Set in 1800, The Broken Blade by William Durbin portrays the story of 13-year-old Pierre La Page who became a voyageur for the North West Company, a fur-trading business with headquarters in Montreal.
As a kid who grew up with his father frequently away on trading trips, Pierre knew that being a voyageur, or a trading-canoe paddler, was only suited for grown men. But when his father is injured, Pierre then quits school to take his father’s place to earn money so that his family can make it through winter.
Teasing from the older, more experienced paddlers, along with the craggy rocks and rapids prove being a voyageur is not for the weak-of-heart.
“It is the spring of 1800. Thirteen-year-old Pierre La Page never though he’d be leaving Montreal to paddle twenty-four hundred miles. This is something older men, like his father, do. But when Pierre’s father has an accident, Pierre quits school and enlists as a voyageur for the North West Company. Without his wages from the fur company, how would his family survive the winter?
“As the youngest member of the brigade, it’s not easy for Pierre. Treacherous waters, aching and bloodied hands, and the relentless teasing from the seasoned voyageurs make him miserable. But Pierre knows there’s no turning back. He has no choice but to endure the trip to Grand Portage and home again.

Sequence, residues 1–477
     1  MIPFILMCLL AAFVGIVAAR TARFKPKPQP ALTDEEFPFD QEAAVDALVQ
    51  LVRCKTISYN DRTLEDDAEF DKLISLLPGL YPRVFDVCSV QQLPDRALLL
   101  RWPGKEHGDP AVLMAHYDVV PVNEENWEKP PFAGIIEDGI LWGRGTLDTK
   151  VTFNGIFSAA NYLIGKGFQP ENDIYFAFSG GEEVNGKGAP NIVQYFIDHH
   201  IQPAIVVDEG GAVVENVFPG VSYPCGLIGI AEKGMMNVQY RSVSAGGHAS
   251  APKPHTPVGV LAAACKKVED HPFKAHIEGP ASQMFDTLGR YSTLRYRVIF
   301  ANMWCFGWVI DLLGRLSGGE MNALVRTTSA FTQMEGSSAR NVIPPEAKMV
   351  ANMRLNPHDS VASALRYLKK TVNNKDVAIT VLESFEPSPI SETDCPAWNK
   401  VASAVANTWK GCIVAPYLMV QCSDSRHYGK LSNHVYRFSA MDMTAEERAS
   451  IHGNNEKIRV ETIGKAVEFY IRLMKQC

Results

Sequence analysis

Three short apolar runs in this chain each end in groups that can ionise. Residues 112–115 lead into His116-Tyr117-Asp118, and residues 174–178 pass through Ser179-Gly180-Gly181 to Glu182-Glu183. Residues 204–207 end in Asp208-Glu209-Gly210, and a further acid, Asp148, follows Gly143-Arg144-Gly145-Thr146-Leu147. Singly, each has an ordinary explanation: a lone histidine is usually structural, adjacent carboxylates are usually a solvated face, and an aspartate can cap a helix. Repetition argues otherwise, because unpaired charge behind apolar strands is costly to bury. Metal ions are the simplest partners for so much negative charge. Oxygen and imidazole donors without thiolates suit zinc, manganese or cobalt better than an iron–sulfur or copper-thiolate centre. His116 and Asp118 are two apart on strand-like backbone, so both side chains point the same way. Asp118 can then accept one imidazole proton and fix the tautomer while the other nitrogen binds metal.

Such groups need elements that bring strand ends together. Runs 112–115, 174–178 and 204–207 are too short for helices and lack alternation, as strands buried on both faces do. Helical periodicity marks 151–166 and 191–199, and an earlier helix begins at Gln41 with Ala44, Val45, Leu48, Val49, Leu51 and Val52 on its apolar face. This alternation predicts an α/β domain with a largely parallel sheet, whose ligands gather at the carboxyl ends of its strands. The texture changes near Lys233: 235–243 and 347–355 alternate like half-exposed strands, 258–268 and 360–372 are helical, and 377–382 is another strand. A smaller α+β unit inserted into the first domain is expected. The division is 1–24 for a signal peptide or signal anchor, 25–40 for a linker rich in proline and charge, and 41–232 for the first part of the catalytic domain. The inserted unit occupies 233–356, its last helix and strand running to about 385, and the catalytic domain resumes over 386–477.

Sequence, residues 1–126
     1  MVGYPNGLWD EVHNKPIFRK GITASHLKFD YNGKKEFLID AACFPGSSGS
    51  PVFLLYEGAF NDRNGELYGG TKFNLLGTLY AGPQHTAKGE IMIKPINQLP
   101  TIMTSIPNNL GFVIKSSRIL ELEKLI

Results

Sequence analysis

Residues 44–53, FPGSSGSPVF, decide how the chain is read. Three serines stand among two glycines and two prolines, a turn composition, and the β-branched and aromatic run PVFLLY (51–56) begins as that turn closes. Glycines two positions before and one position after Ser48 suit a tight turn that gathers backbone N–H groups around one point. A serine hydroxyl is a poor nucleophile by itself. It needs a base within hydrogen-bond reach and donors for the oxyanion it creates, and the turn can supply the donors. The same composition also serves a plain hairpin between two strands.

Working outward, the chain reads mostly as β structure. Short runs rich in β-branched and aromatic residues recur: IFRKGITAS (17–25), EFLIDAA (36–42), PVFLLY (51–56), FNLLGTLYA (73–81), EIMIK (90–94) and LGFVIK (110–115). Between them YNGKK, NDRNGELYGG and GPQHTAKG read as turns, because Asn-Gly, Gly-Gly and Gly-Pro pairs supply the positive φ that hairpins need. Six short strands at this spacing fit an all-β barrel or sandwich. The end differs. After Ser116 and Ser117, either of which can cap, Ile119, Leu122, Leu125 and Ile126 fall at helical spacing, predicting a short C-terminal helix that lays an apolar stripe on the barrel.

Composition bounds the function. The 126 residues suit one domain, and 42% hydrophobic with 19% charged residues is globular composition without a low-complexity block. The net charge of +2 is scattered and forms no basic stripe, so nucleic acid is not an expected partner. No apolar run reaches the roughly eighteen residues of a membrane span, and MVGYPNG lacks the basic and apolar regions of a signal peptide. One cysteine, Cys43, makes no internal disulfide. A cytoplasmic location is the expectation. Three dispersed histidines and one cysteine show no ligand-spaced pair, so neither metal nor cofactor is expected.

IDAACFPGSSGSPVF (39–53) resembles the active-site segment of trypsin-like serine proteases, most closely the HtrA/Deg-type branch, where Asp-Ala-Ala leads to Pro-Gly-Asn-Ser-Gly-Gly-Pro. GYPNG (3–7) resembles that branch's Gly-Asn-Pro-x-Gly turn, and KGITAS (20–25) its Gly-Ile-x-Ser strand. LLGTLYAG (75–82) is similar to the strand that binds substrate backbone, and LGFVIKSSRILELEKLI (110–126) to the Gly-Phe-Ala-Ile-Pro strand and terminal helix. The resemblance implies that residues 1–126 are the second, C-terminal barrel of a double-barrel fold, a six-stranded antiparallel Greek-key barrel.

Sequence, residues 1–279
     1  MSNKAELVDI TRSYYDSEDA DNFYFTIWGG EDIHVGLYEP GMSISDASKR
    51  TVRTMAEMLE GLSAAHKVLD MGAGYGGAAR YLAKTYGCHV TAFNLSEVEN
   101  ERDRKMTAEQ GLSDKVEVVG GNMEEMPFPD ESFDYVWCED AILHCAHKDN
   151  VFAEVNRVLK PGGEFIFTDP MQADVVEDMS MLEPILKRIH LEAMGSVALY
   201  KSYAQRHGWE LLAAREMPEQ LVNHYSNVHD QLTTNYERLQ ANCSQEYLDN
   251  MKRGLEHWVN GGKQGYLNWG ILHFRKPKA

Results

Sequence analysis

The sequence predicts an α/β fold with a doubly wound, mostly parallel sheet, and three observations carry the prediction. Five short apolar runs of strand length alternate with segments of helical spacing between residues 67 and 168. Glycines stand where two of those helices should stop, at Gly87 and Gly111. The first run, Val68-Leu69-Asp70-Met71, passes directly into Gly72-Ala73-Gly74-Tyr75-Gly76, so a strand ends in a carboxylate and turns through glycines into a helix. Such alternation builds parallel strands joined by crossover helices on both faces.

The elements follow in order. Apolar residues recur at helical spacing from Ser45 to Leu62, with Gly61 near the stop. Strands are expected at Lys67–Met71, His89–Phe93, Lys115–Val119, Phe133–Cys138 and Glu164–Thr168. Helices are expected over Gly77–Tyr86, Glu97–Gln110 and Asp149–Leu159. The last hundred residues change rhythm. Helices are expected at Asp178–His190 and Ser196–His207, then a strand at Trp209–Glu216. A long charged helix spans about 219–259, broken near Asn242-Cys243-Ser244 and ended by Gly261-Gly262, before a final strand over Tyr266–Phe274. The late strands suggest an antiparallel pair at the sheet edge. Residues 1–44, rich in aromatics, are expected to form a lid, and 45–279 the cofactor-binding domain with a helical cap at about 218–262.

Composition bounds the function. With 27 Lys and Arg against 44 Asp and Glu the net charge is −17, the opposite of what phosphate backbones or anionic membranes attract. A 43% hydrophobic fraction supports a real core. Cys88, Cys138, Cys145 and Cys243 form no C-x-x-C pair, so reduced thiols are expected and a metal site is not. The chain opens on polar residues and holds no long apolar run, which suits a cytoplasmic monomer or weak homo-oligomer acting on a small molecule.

“History springs to life in this rugged coming-of-age story, full of colorful characters and fascinating details of the adventurous lives of the French Canadian voyageurs.” – From inside front cover.
This book is suited for a 4th grader & up. The Broken Blade is proof that no matter how hard things seem at times, they will always get better – just not in ways you expect.
We used this book as a Read Aloud, while studying early explorers of the 1800s. I really enjoyed this book. I would say it is slightly geared more towards boys due to the male leading character (seems like most homeschool books have a female lead). One reason I probably enjoyed this book is because in my long ago younger days I did a lot of paddling & also did quit a bit of whitewater rafting. I can easily hear (& picture) these characters razing each other and pulling pranks on the young newbie – it’s simply a rite-of-passage.
As a tie-in, I would suggest taking your family out for a paddle on the river! See my post on Family River Ideas for more information. You may want to do this near the beginning of the book, so your children can more readily associate & identify themselves with the book.